The Toyota Camry midsize sedan has been on sale in the US since 1983 and in those 35 years, the automaker has sold more than 10 million examples in America. A complete redesign for the 2018 model year spun the Camry into its eighth generation. With its recent redesign, not much is new for 2019, except for one important addition: standard Apple CarPlay.
Toyota offers the Camry with a choice of two engines. There's a 2.5-liter four-cylinder with 203 horsepower and 184 pound-feet of torque, although in XSE trim, that same engine makes 206 horsepower and 186 pound-feet of torque.
For those who like some extra shove, Toyota offers a 3.5-liter V6 engine with 301 horsepower and 267 pound-feet of torque. Both engines' power outputs lie on the healthier end of the segment. All Camrys pair their powerplants with an eight-speed automatic transmission that drives the front wheels.
The most economical four-cylinder Camry can achieve an EPA-estimated 29 miles per gallon in the city and 41 mpg highway, which is pretty miserly for the class. For comparison, the best a non-hybrid Ford Fusion can do is 21/34 mpg, but the base Honda Accord is more competitive with its 30/38 mpg rating.
There's ample room for up to five passengers in the Toyota Camry, but trunk space falls on the lower end of the segment at 15.1 cubic feet. The Chevrolet Malibu does a little better with 15.8 cubic feet while the Ford Fusion bests the Chevy with its 16 cubic feet. The Hyundai Sonata and Honda Accord offer even more cargo space at 16.3 and 16.7 cubic feet. All Camrys but the base model feature a 60/40 split-folding rear seat.
Camrys come standard with a six-speaker audio system and a 7-inch touchscreen infotainment setup that can support Apple CarPlay, but not Android Auto. Also standard is a complimentary six-month or 2GB (whichever comes first) Verizon 4G LTE data trial to power a Wi-Fi hotspot that can support up to five devices. There's even standard Amazon Alexa integration.
When it comes to standard driver-assistance goodies, the Toyota Camry is pretty much top of the class. Adaptive cruise control, collision mitigation braking, lane-keep assist and automatic high beams are all part of the Toyota Safety Sense P (TSS-P) suite of features.
For the lower end of the segment, the $23,845 Camry L is competitively priced, but the top-tier, $34,600 XSE V6 sits on the pricey side of the well-optioned competition. The Camry L comes standard with LED high- and low-beam headlights, 16-inch steel wheels, an acoustic windshield, TSS-P, a 4.2-inch TFT instrument-cluster display, a 7-inch touchscreen and auto up/down for all four power windows.
The $24,350 Camry LE adds a power driver's seat, 17-inch alloy wheels, a sunroof, a 60/40 split-folding rear seat and an anti-theft alarm. Next up in price is the $25,550 Camry SE, which features a sportier appearance thanks in part to a more aggressive fascia, rear spoiler and 18-inch black machined-finish wheels. The SE also boasts auto climate control, a leather-trimmed steering wheel and sport suspension.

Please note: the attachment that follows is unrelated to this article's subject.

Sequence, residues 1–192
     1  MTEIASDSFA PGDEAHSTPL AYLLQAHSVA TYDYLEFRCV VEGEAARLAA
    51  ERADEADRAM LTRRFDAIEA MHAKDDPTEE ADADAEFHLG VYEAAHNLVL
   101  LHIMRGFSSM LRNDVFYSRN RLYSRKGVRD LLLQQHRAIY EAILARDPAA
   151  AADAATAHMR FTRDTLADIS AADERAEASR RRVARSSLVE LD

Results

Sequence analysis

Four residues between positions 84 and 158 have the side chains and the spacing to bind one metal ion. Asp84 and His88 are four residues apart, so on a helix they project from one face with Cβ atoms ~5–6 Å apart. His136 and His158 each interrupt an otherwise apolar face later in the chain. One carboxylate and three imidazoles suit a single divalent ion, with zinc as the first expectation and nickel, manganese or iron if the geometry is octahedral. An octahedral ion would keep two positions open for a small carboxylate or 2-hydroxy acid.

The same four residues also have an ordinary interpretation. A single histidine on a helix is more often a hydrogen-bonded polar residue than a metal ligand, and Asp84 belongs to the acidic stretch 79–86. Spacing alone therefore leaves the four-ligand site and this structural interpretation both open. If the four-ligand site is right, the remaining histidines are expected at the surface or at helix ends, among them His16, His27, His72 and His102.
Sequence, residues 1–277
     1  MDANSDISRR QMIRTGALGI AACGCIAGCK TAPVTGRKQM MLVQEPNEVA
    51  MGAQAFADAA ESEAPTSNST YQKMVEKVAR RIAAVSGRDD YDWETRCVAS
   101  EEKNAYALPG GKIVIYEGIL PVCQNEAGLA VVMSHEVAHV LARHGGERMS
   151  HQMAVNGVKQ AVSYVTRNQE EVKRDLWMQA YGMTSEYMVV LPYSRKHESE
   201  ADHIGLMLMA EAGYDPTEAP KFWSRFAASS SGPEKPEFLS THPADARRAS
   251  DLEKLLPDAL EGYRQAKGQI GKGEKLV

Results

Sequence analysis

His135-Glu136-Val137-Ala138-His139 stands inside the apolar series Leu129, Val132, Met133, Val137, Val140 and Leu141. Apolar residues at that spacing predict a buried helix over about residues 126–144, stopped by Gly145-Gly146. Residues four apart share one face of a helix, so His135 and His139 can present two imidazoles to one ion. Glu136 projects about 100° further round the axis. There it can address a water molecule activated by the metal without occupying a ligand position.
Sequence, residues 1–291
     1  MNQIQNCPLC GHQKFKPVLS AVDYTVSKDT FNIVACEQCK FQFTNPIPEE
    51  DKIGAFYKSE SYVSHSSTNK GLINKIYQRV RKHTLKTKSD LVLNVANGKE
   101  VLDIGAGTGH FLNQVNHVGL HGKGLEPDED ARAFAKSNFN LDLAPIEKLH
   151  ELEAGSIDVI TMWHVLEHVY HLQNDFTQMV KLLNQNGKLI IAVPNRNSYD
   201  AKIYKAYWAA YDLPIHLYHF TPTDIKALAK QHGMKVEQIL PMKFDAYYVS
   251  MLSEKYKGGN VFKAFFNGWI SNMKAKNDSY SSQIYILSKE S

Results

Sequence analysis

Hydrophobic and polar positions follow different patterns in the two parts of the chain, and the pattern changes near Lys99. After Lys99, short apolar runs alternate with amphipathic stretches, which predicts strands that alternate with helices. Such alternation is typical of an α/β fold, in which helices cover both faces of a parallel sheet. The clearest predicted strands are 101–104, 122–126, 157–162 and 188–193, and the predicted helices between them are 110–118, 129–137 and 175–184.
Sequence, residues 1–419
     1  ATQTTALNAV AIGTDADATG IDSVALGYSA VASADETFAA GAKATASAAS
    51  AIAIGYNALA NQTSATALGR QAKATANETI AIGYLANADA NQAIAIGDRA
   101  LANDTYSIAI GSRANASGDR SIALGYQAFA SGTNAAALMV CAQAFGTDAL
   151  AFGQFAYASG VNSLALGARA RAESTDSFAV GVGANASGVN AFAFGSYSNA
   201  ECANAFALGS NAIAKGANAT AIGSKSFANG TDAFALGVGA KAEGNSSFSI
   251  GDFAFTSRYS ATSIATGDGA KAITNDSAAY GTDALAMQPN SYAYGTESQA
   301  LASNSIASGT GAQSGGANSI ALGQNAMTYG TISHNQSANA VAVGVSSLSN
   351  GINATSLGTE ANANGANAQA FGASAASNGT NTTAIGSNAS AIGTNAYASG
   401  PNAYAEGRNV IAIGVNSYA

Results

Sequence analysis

Moving up, the $28,925 Camry XLE builds off the LE's touring-oriented appearance, but gets you a lot more stuff, some of which includes a larger 8-inch touchscreen, 18-inch silver machined-finish wheels, LED daytime running lights and heated mirrors with blind-spot monitoring.
The XLE also includes keyless access, dual-zone climate control, HVAC vents for the rear seats, wireless charging for your smartphone, 7-inch TFT instrument-cluster display, leather seats with heating for the front row and power adjustment for the front passenger, autodimming rearview mirror and rear cross-traffic alert.
The $29,475 XSE adds 19-inch black machined-finish wheels, dual exhaust, plus an extra 3 horsepower and 2 pound-feet of torque from the 2.5-liter four-cylinder engine. Jumping up to the $34,050 XLE V6 adds (as the name implies) the 3.5-liter V6 engine, nine-speaker JBL premium audio, a panoramic sunroof and a 10-inch head-up display.
Finally, we arrive at the $34,600 XSE V6. This top trim offers the same features as the XLE V6, but with the sportier appearance and suspension. Options for higher trims include embedded navigation, surround-view monitor and rear cross-traffic braking. All pricing excludes a $920 destination charge.
The 2019 Toyota Camry is on sale nationwide now.
The new Toyota offered the 1991 Camry All-Trac -- the last Camry model with all-wheel drive -- but with more and more buyers gravitating toward SUVs for their increased all-weather capability, the best-selling sedan in the US has to adapt to remain relevant.learns an old trick with the addition of an all-wheel drive option for 2020. It bears mentioning that it's been nearly 30 years since
The new Camry is not alone. The 2021 model yearwill also be offered with AWD on certain trim levels. To gauge how well these more surefooted models perform, I headed to wintry Utah and hopped behind the wheels of both models on a slippery, snowy handling course.
Mechanically similar to one another, the all-wheel drive Camry and Avalon sedans are powered by the automaker's 2.5-liter Dynamic Force four-cylinder engine, making 202 horsepower and 182 pound-feet of torque for most trims, or 205 hp and 185 lb-ft in the XSE models. The Dynamic Torque Control AWD system -- -- features a single-speed front transfer case that can send power to the rear axle via a driveshaft. A coupler just before the rear differential can be disconnected, allowing the back axle to spin freely under most conditions (such as dry pavement or at highway speeds) when front-wheel drive is sufficient.
Let's see how the 2021 Hyundai Elantra stacks up against the market's other new compact four-door sedans.
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We head to snowy Utah to test Toyota's new all-wheel-drive sedans on a slippery winter handling course.
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